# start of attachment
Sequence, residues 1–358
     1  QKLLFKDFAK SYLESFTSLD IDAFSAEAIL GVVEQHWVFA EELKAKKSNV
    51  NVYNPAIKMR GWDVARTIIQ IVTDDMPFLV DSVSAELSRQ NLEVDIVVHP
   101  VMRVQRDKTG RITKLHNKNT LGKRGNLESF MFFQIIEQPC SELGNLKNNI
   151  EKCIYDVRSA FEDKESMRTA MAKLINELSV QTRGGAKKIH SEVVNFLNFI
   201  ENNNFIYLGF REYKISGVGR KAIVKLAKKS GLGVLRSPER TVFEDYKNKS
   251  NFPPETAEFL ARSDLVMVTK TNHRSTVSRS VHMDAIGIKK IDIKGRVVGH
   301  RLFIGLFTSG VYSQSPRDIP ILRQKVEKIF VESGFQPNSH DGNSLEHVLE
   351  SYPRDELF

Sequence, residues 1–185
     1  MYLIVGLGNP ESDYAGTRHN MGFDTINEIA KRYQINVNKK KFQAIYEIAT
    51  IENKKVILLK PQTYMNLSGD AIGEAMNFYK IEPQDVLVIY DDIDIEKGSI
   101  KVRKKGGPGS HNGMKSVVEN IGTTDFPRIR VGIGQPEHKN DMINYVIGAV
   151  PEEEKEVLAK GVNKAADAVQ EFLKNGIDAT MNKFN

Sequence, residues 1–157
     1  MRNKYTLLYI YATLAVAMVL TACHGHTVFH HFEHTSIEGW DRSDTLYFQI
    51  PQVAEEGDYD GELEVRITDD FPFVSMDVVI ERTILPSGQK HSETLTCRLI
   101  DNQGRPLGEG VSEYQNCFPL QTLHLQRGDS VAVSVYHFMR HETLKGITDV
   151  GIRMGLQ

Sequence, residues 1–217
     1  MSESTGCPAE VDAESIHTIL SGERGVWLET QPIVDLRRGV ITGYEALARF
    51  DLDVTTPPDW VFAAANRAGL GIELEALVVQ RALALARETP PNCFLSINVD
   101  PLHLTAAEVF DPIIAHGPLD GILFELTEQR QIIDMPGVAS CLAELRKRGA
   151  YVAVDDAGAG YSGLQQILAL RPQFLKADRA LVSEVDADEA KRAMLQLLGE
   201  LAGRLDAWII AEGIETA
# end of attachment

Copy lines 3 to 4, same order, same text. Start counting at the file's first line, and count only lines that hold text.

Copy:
    51  NVYNPAIKMR GWDVARTIIQ IVTDDMPFLV DSVSAELSRQ NLEVDIVVHP
   101  VMRVQRDKTG RITKLHNKNT LGKRGNLESF MFFQIIEQPC SELGNLKNNI